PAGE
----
Whoever came up with the idea must have known from the outset it would be controversial and possibly create more havoc than garner any goodwill. And yet they’re still at it. Which leads me to believe they’re trying to make a statement more than anything else. There must be umpteen dozen other things they could do with that space that would do more good for their effort, whatever it is, and also create less hostility.

    That’s why it looks so stupid on the face of it. If someone sat down several years ago and made an imaginary list of controversies guaranteed to be divisive and self-defeating at the same time, that idea would have to be top five.

  • Zivot39

    I take the use of the Palin word as a situational tongue in cheek, satirical slam…..

    But I agree that the constitution seems to fit what politicians want, much like Christianity fits what most “Christians” want…. Let’s remember to love our enemy, mmmmmmkkkkayy.

  • LFC

    Whoever came up with the idea must have known from the outset it would be controversial and possibly create more havoc than garner any goodwill.

    Then why is it overwhelmingly supported by the people of Manhattan? You know, the ones who ACTUALLY experienced the 9/11 attacks.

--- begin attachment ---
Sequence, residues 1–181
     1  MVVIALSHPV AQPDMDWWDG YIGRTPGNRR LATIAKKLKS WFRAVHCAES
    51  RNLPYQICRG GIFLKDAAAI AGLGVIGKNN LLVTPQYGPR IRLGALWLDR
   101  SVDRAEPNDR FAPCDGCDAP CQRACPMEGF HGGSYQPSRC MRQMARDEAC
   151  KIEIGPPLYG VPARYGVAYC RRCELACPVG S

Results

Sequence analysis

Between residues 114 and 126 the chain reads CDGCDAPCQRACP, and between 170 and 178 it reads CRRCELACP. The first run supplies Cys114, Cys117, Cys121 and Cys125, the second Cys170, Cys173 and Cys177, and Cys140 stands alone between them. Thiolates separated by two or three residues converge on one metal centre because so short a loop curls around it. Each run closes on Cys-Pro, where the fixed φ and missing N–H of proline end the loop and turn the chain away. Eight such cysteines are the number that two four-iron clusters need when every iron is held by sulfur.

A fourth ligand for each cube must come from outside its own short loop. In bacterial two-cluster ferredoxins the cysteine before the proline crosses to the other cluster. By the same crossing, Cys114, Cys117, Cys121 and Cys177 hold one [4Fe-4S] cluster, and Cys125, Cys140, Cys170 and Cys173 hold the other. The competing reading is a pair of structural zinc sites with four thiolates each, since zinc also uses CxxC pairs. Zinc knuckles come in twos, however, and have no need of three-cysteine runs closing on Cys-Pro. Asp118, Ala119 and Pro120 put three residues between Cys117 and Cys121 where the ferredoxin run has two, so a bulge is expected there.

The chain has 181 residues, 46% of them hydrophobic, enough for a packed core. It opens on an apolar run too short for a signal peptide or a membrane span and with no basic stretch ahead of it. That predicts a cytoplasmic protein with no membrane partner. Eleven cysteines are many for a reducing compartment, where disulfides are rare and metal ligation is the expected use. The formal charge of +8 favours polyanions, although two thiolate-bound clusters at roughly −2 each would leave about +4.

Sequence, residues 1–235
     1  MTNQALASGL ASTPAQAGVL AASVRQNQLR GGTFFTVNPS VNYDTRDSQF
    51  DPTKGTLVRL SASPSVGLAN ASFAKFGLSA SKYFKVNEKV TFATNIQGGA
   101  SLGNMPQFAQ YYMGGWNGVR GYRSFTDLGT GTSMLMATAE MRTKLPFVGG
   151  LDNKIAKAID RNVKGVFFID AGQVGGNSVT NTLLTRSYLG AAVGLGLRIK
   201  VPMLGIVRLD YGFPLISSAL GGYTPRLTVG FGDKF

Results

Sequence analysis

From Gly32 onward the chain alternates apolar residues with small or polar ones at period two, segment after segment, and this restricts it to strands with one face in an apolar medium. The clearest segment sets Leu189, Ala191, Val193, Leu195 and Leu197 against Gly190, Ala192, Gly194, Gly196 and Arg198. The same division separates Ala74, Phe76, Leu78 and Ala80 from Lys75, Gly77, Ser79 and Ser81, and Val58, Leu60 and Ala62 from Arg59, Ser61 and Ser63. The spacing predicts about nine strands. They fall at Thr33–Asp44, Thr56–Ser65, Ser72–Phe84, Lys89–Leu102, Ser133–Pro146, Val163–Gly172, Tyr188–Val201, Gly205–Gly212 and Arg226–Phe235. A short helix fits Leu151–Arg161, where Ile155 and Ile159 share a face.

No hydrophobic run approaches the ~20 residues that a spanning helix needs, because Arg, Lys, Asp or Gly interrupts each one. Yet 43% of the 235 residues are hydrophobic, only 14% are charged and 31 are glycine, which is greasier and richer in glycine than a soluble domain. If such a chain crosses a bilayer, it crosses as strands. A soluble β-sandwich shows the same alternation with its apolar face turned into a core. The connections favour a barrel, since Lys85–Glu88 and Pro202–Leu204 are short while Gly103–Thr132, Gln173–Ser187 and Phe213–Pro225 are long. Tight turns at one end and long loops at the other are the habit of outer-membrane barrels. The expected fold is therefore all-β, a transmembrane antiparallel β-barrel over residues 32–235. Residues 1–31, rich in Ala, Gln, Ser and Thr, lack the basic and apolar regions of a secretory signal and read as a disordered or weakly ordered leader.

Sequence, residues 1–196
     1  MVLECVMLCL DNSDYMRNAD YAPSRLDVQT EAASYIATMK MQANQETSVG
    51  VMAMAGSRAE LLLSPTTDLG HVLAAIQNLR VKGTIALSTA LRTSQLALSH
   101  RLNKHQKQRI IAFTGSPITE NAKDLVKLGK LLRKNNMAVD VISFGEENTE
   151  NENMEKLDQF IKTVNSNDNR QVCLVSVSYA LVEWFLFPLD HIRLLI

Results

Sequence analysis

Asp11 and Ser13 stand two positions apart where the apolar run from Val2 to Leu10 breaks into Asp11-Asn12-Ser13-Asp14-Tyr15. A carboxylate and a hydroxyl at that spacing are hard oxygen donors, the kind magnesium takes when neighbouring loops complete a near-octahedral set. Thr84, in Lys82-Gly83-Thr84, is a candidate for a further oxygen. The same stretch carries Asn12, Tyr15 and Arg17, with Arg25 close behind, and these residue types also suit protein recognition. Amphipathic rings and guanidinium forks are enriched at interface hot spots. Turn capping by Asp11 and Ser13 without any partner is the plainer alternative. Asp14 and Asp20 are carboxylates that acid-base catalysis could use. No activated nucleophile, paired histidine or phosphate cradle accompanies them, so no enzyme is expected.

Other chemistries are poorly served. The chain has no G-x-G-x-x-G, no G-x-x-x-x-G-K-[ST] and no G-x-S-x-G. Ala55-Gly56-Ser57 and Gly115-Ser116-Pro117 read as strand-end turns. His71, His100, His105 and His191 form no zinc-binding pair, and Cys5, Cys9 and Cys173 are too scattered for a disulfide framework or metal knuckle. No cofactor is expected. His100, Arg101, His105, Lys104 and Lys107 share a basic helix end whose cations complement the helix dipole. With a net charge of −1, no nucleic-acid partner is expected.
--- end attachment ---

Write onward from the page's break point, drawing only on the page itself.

It’s only controversial to people who conflate all Mooslims with terrorist Mooslims, and that’s religious bigotry at it’s worst.

  • Churl

    I have a sort of appalled admiration for the sheer in-your-face brass-necked unmitigated gall of the Cordoba House project. It strikes me as an end zone happy dance on the closest thing that the victims of 9/11 will ever have for graves.

    When the mosque is opened, radical imams and their parishoners all over the planet will howl with derision at the what they see as our craven response to a gross provocation.

    That said, it would be unAmerican to stop the imams and their shadowy financiers from building the thing.